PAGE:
The FREE and UNTICKETED concert is this Thursday night from 7:30 to 9 p.m. in the Middleton Performing Arts Center that is attached to the high school, 2100 Bristol Street.

Conductor Steve Kurr says this about the program:

“The rest of the program includes Rossini’s Overture to “The Barber of Seville,” the “Colonel Bogey March” and the “Peer Gynt Suite No. 1” by Edvard Grieg.

“Also on the program are the three winners of this year’s Concerto-Aria competition: Marimbist Alex Warholic plays the first movement of the Violin Concerto in A Minor by Johann Sebastian Bach; soprano Chloe Cole sings “V’adoro pupille” from the opera “Julius Caesar:” by George Frideric Handel; and violinist Rachael Lee performs the “Introduction and Rondo Capriccioso” by Camille Saint-Saens.

“The concert begins with two works performed by the MHS Honors Wind Ensemble.

“The Elgar is such a great work, and underperformed. The Pro Arte musicians are such great inspirations to our high school musicians.”


Classical music: You’re invited to a FREE 12-hour marathon birthday party for Johann Sebastian Bach this Saturday. Plus, tonight’s concert of African-American music has been CANCELLED

March 14, 2017
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ALERT: Tonight’s concert of African-American spirituals and songs has been CANCELLED because guest scholar and singer Emery Stephens is ill. The UW-Madison School of Music hopes to reschedule the event later this spring. 

By Jacob Stockinger

Guess who turns 332 on March 21?

This coming Saturday will bring a 12-hour, noon to midnight, marathon party for the Birthday Boy – Johann Sebastian Bach (1685-1750, seen below in a humorous poster for a similar event held several years ago).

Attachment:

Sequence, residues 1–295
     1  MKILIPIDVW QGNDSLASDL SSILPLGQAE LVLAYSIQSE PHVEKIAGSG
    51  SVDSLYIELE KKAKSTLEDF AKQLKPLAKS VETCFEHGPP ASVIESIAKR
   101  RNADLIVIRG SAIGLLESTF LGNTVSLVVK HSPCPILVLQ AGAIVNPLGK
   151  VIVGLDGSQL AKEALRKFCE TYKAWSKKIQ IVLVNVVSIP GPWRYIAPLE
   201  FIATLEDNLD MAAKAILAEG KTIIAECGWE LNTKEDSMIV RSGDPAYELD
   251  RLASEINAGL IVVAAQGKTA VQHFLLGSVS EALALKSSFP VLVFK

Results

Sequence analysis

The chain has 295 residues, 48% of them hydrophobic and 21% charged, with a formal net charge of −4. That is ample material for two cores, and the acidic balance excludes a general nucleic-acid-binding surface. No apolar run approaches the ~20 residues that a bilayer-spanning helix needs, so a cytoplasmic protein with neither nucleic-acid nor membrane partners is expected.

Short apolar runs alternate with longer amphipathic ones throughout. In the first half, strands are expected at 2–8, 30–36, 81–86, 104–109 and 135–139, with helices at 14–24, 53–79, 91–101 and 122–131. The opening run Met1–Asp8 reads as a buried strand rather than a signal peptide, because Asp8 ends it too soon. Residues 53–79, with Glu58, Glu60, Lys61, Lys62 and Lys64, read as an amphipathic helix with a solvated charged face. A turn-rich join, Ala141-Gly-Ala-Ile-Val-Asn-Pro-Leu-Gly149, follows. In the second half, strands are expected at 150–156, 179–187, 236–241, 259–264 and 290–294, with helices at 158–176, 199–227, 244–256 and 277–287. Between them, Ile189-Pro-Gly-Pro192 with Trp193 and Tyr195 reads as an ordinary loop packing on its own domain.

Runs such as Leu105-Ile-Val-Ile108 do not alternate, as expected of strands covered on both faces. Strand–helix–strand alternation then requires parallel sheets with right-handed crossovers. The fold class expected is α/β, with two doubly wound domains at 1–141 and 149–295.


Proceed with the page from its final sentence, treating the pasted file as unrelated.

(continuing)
The local event – now part of the nationwide “Early Music Month” — is being revived, thanks to Madison violist Marika Fischer Hoyt (below), who performs with the Madison Bach Musicians, the Ancora String Quartet  and the Madison Symphony Orchestra,  and to many sponsors.

The party will take place at St. Andrew’s Episcopal Church (below) on Regent Street. (Several years ago, the event, when it was sponsored by Wisconsin Public Radio, was held at the Pres House.) There will be live audio-visual streaming and free wi-fi, and the event will be recorded.

Here is a link to the updated schedule of performances:

https://bacharoundtheclock.wordpress.com/concert-schedule/

Here is a link to an earlier post about the upcoming event:

https://welltempered.wordpress.com/?s=bach+around+the+clock

If you love the music of Bach (below) – and The Ear doesn’t know anyone who is into classical music who doesn’t revere Bach — there will be a lot to love and to listen to at this FREE and OPEN TO THE PUBLIC  celebration.